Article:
Members of the crew will be assigned to the station for lengthy tours. As the station is now designed, if something were to go seriously wrong, there would be no way for the crew to return to Earth unless a space shuttle just happened to be there. Normally, shuttles would visit the station only when delivering supplies or changing crews every month or so.
The prospect of American astronauts stranded in a disabled space station may not sit well with the nation as a result of the Challenger shuttle disaster, and astronauts are not too wild about the possibility of being stranded without an escape vehicle. Seven crew members died when the shuttle exploded shortly after launch last January.
"That's something we ought to have," Fullerton said bluntly. "There ought to be a way to get back to the ground."
A NASA spokesman said that although the escape vehicle is not included in the plan, it could be added later if deemed necessary.
"We didn't feel that was a decision that had to be made right now," spokesman Mark Hess said. One option being considered is to provide a self-supporting capsule near the station where astronauts could take refuge while waiting for a shuttle to get to them.
NASA sees the station as the obvious next step in manned exploration of space, giving the United States and its partners a permanent facility to carry out long-term experiments and begin manufacturing materials that can best be fabricated in a weightless environment.
Only the Soviet Union has anything like that, and only Soviet cosmonauts have been exposed to prolonged periods in space approaching those required for manned expeditions to other planets.
Although that would seem to place the Soviets far ahead in space exploration, the fact is that the Soviet Union and the United States chose different routes to reach similar milestones in space. In the late 1960s, both nations had come to the same fork in the road: Whether to next build a space station or a reusable launch vehicle.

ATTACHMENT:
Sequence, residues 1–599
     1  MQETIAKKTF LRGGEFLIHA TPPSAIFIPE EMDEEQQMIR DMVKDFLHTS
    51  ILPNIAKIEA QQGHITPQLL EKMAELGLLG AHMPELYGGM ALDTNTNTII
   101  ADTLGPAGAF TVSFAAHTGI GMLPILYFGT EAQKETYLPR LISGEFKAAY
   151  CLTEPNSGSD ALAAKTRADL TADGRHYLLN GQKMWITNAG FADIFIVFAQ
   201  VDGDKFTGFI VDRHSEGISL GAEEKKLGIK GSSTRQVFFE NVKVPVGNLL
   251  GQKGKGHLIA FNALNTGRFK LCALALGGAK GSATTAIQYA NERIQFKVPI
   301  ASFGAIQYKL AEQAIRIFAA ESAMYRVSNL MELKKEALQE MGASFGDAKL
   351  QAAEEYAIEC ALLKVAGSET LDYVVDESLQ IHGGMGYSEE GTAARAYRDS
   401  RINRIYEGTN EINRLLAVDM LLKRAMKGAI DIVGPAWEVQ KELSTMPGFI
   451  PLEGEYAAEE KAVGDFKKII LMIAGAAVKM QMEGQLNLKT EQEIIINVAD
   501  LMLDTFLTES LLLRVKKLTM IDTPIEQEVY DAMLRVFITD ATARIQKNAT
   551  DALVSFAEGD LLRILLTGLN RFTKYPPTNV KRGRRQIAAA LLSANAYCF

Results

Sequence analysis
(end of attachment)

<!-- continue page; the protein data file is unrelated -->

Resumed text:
The Soviets opted for a station, flew the first Salyut in 1971 and have had Salyut 7, a small station that is manned periodically, in orbit since April of 1982. Last February the Soviets launched Mir, the first element of a large modular station that is to be permanently manned. The United States chose to build a reusable space fleet first, and the Soviets are reported close to launching their first space shuttle.
The United States is now reaching toward a "permanent presence in space." The space station would be a massive facility, assembled in orbit by teams of astronauts who would be carried to their work stations by the shuttle. NASA estimates that it would take 32 shuttle flights to build and equip the station from 1993 through 1995. Seventeen flights would be needed just to assemble the main base, according to plans released last month by the space agency.
All shuttle flights have been postponed as a result of the Challenger accident, and will not resume before early 1988.
The station itself would consist of three laboratories--one Japanese, one European, and one American--plus crew quarters and support facilities. It would be manned at all times. The modules would be attached to a center boom, which would be part of an elaborate scaffolding that would support antennas, solar collectors and various experiments. In addition, there eventually would be several "free-flying" platforms to house "man-tended" operations so delicate that they would be harmed by activities causing minute vibrations and other disturbances aboard the manned facility.
The Europeans have also planned to supply a platform that would work with the station but would fly in a polar orbit as opposed to the station's equatorial orbit. The platform would cross the station's orbit twice daily and repeatedly pass over the entire surface of the Earth.
But the history of such European-U.S. space ventures has been checkered, at best. The United States and Europe had planned joint probes to Halley's comet, for example. But after the Europeans had already begun work on their spacecraft, NASA backed out, forcing the Europeans into a solo operation, which they carried out with great success when Giotto flew within a whisker of the nucleus of the comet last March.
Similar joint expeditions were planned to simultaneously study both poles of the sun, but again the United States backed out. The European probe, Ulysses, was to have been launched by the shuttle last May, but it is still on the ground in the aftermath of the Challenger disaster, and its launch is now several years away.
But nothing has rankled European space scientists more than the fate of the $1-billion Spacelab built by the Europeans for the space shuttle. The lab fits inside the shuttle's cargo bay, greatly expanding the scientific capabilities of the shuttle. It was to have been carried aloft many times as a major component of an international space program.
Flights Scaled Back